Have you ever needed a way to allow some users to access Microsoft Search in Bing, while excluding others? Perhaps you want to exclude users who haven’t yet taken an orientation session, or perhaps you want to roll out this feature in stages. Well, you’re in luck! In this article, you’ll learn how to do exactly that, using a feature known as Conditional Access. With it, you can easily deploy Microsoft Search in Bing to any set of users you choose.
Assuming that you have administrative permissions and a licensing option that enables Conditional Access to Microsoft Search, here’s how to use it to limit access to Microsoft Search in Bing to a specific subset of users. If you haven’t done this before, now is a good time to review best practices for conditional access to ensure that you don’t accidentally lock yourself out.
You should start by assigning a test user. Once you have a test account prepared, the first step is to verify that the test account can access Microsoft Search in Bing.
Open your browser and sign in with your test account to bing.com using the “Work or school account” option.
Type “my files” into the Bing search box to verify that Microsoft Search in Bing is working. You should see a result that looks something like this:
Success! You now know your test account can access Microsoft Search in Bing. Now, let’s exclude this account via Conditional Access.
Tip: You can place Conditional Access (or any other frequently used resource) in the “Favorites” area of the left column by selecting “All services” and searching for the word “conditional”, then clicking the star next to the search result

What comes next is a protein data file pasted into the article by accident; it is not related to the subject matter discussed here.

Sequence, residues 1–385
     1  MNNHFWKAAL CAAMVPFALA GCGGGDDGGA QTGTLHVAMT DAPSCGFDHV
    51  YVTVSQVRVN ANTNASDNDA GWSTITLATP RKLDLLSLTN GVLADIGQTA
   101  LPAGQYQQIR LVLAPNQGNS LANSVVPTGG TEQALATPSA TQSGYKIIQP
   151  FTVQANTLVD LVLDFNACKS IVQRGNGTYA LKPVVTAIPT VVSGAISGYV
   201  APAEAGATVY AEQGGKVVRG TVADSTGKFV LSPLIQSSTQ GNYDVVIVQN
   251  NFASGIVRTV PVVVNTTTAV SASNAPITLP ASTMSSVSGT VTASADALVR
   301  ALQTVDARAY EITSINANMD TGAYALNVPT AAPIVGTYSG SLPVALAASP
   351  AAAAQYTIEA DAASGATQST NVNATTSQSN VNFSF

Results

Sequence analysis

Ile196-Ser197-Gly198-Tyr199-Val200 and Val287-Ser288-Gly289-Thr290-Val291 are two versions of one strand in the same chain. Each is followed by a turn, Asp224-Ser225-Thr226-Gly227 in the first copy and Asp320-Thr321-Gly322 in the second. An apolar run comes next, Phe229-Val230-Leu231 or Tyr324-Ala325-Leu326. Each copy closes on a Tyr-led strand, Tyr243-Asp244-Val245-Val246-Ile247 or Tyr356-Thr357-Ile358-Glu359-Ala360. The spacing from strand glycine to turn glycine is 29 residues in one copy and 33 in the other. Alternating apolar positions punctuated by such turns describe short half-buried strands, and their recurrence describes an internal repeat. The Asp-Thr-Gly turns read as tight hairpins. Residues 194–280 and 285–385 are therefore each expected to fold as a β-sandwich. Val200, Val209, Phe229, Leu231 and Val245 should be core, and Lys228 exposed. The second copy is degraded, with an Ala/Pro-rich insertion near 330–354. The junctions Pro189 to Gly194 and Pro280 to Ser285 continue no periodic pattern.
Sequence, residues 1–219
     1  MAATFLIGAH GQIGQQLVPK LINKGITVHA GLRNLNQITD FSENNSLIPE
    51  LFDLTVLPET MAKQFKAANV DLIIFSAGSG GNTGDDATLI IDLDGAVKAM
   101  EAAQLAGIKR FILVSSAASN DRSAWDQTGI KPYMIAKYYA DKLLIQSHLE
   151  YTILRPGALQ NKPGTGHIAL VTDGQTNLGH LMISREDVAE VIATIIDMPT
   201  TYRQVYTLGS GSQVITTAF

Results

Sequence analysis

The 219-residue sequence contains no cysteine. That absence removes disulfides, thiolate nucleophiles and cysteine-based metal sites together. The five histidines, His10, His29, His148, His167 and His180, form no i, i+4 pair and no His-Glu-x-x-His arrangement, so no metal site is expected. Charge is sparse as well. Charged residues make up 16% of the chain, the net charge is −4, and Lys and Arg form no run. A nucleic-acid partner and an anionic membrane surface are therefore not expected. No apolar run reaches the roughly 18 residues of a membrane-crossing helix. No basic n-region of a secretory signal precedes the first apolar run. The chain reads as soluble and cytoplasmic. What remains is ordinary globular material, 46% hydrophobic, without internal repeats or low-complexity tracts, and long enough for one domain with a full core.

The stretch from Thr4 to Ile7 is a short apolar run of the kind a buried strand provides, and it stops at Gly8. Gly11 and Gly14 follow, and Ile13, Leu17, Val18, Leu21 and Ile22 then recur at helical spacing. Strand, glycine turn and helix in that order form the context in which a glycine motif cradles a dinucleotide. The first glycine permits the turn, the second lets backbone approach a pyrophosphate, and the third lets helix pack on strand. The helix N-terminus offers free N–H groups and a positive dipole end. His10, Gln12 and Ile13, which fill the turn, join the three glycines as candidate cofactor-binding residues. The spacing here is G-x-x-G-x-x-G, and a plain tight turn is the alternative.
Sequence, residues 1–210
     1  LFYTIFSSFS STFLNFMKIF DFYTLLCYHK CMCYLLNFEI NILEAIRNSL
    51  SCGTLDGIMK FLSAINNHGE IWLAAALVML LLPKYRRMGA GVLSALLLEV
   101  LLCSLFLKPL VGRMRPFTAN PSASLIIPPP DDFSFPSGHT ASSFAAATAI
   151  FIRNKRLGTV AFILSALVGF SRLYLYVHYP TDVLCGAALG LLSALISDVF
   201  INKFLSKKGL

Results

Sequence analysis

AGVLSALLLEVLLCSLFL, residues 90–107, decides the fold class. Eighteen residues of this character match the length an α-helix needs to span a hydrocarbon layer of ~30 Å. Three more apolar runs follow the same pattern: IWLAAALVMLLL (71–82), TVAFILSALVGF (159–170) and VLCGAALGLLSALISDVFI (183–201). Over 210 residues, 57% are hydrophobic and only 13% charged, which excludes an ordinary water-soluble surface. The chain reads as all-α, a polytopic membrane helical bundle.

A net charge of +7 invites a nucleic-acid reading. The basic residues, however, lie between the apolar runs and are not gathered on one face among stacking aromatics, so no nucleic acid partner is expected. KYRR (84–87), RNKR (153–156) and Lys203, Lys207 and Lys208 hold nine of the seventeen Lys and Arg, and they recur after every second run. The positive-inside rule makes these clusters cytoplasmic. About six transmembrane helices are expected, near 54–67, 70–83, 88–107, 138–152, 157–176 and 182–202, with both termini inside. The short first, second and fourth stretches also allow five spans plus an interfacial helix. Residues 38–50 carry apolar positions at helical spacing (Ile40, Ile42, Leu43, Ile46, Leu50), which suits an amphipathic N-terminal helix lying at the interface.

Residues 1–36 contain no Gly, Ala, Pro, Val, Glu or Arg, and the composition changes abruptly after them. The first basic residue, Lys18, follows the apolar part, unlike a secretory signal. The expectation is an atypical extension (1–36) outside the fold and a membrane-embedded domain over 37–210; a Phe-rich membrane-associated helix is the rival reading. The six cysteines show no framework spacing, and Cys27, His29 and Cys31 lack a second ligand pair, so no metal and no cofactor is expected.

Click New policy and give it a name.
In the screenshot on the right of Figure 5, we’ve chosen to exclude the administrative account from this test policy—you don’t want to lock yourself out if you apply a policy like this to all users! Remember, a policy designed to block access won’t affect anyone who is excluded from the policy.
You’re almost there! Now that you’ve selected the users who will and won’t be affected, and the app this policy applies to, you just have to tell the policy what to do when it’s in effect. In this case, you want it to “Block.” So, select Block from Access controls > Grant, then click Select.
The “What If” tool tests the impact of conditional access on a user when signing in under certain conditions. As the policy you created is designed to block access for “test user”, you start by selecting that user. Then, click “What If” to see what policies, if any, will affect this user.
If you’ve done everything right, you should see something like this:
Congratulations! You have successfully enabled conditional access. You can verify this by attempting to access Microsoft Search in Bing with the test user account. You will find that it is indeed blocked from signing in at the Bing sign-in screen. (Regular web searches with Bing still work, however.)
After any sign-in attempt has been made, the event is captured in the Sign-in events log. As an admin, you can access a complete list of sign-in events by clicking on the graph on the main Overview screen.
Let’s take a closer look at that ‘Failure’ event:
Now you are ready to setup Conditional Access for actual users in your organization by applying this policy to their account.
If you run into trouble, try typing a query such as “how to configure conditional access” into the “Virtual assistant” found in the Azure Active Directory admin center under Troubleshooting + Support.
See https://docs.microsoft.com/azure/active-directory/conditional-access/ for additional details.
You must be a registered user to add a comment. If you've already registered, sign in. Otherwise, register and sign in.